A Gloranthan feminine plot

From: SÚrgio Mascarenhas <sermasalmeida_at_mail.telepac.pt>
Date: Tue, 29 Jul 1997 16:07:23 +0100

One of the things that I think Glorantha lacks is a woman touch. I mean, most of that universe is male oriented.

What about all the millions of women there, what do they think, what do they do,
and, more important, how do they contribute to the mighty times of the Hero Wars? Do they simply stick to the traditional supportive role for males? Or is there some distinctive intervention reserved to female?

My own view is that the female half of Glorantha is as involved in the events as the masculine person.

What follows is my account on why the feminine Orlanthy were as concerned - or even more concerned - with the lunar menace as their masculine counterparts.

The basic idea is the next: Orlanthy women feel even more deeply than men the lunar
menace. The reason is that under the lunar power orlanthy men loose their freedom; orlanthy women loose their soul. (Notice that in my account this is how orlanthy people "feel"; this is not what would happen in fact.)

WHY DO ORLANTHY WOMEN THINK THAT THE RED GODESS IS A MENACE Barbarian women perceive the red Goddess as an evil and twisted manifestation of womanhood.
1. In barbarian culture man and woman have different and distinctive places in society, and that translates into distinctive behavior, and customs. That permeates barbarian morality and myths. The best representation is the Goddess Ernalda, queen of the barbarian goddesses and her husbands (that despite being different maintain similar relations with Ernalda). The Red Goddess, on the contrary, has traits that barbarians associate with the male half of society (and with minor cults of barren goddesses like BBG). This is a contradiction - a menace - to barbarian customs and morality. 2. The ascent of the moon represents in itself the twisted womanhood of the Red Goddess. In fact, that means that she decided to separate form earth and place herself between Yelm and Orlanth, the opposite of Ernalda's behavior. By breaking the connection with earth, she throws away a woman's most important skills: the skills to fertilize the land and feed the people. By putting herself between Yelm and Orlanth she invades the reign of men.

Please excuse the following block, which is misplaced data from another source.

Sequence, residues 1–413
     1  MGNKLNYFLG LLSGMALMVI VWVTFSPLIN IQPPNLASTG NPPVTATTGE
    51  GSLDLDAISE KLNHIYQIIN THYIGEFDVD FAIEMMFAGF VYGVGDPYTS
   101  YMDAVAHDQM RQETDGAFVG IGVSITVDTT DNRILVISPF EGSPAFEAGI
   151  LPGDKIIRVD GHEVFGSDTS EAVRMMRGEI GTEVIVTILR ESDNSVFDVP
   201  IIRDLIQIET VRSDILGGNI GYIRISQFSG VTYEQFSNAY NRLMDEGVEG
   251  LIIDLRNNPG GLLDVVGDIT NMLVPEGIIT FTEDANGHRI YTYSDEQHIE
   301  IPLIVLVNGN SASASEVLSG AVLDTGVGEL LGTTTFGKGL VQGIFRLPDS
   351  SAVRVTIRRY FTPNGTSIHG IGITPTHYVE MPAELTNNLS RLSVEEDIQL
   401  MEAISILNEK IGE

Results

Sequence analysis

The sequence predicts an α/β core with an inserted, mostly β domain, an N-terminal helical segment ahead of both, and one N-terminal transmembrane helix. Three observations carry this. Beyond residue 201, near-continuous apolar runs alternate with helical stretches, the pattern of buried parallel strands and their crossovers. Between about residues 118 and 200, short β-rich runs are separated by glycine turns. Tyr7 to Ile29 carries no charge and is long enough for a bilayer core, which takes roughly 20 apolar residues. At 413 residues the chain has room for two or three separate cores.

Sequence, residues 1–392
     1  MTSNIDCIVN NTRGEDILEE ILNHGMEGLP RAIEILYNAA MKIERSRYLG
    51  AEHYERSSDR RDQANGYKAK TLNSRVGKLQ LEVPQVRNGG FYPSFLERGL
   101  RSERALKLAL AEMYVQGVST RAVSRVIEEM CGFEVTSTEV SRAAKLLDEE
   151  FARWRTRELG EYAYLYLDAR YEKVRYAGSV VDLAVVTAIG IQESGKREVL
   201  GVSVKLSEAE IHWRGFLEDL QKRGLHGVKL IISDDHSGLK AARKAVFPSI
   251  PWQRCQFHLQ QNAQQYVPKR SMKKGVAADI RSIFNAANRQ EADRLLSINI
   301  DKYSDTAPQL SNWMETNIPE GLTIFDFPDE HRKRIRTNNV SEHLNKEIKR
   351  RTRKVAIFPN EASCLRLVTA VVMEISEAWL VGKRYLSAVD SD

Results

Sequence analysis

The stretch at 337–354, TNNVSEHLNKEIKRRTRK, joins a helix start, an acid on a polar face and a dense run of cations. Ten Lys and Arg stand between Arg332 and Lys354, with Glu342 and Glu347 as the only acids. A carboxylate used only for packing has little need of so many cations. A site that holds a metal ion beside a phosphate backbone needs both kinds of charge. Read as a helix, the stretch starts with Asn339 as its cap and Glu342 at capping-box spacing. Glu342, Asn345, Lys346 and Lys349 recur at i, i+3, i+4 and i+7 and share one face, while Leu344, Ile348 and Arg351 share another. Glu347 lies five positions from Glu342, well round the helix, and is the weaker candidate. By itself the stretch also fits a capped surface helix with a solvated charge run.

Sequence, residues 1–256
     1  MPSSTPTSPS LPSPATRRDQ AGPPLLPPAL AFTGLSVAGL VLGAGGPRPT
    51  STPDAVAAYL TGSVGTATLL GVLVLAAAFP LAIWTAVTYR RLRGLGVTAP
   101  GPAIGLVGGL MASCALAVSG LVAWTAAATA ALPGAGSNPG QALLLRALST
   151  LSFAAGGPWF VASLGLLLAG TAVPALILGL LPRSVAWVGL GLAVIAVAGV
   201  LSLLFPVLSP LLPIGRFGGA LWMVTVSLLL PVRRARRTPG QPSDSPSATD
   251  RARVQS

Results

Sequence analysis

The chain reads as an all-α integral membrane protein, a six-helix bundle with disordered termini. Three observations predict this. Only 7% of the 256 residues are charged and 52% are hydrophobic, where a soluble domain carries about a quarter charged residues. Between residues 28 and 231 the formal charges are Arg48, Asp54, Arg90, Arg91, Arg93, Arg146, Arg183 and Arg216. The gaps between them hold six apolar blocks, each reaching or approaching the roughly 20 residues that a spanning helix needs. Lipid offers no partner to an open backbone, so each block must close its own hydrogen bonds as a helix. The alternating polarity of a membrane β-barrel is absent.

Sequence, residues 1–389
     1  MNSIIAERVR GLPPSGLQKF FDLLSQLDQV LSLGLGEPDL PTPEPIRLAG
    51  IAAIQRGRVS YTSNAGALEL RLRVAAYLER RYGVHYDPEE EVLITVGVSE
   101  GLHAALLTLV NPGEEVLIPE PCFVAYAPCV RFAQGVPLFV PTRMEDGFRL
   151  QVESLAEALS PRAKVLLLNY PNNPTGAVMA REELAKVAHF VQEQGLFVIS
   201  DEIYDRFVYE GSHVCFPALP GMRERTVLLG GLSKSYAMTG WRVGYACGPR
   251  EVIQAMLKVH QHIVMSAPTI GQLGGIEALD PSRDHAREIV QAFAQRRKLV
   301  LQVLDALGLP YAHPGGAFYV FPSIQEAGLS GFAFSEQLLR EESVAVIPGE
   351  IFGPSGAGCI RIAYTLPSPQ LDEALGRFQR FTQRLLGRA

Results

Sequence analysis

3. But the ascent of the red moon was a chock to barbarian women in another sense. They perceived it as the obscene exposition of a secret to be kept only to women: the secret of menstrual cycles. (I suppose that women's physiology in Glorantha is the same as that of women in earth and they have menstrual cycles).
4. Even worst, barbarian women think that the extension of the glow line, and the fixing of the moon in the full part of the cycle means an awful menace to women: if that happens their menstrual cycle will stop in the bleeding ("red") phase. Maybe women will bleed to death; or they will become
barren, like the Red Goddess that only gave birth to one son. 5. Then there is the menace of marrying Ernalda to the Red Emperor. In barbarian culture Ernalda is a queen among goddesses and women. She must be the first of the goddesses married to the first of the gods. If she marries the Red Emperor she will not only be second to the Red Goddess, but will also be second to the many wives the emperor collected in the past. 6. Orlanthy women are horrified by things like the Seven "Mothers" cult. Mothers? What Mothers? That cult's name is an insult to the most sacred duty of women: giving birth.

WHAT NEXT? The stated motives explain why there is more below Yelm than meets the eye. Most of the knowledge about Glorantha and specifically about Orlanthy people fights with lunars fail to account to the worries and point of view of women.

So, what did women do in the barbarian belt to fight the menacing goddess? I can only say that I suppose that they did something. I don't know what but I think that:
- - It should be a completely different line of action from men's "brute"
- - It would be something very effective but unremarkable and low profile.

What was it? I don't know (after all, I'm a man).

Sergio Mascarenhas

End of The Glorantha Digest V5 #78

WWW at http://rider.wharton.upenn.edu/~loren/rolegame.html

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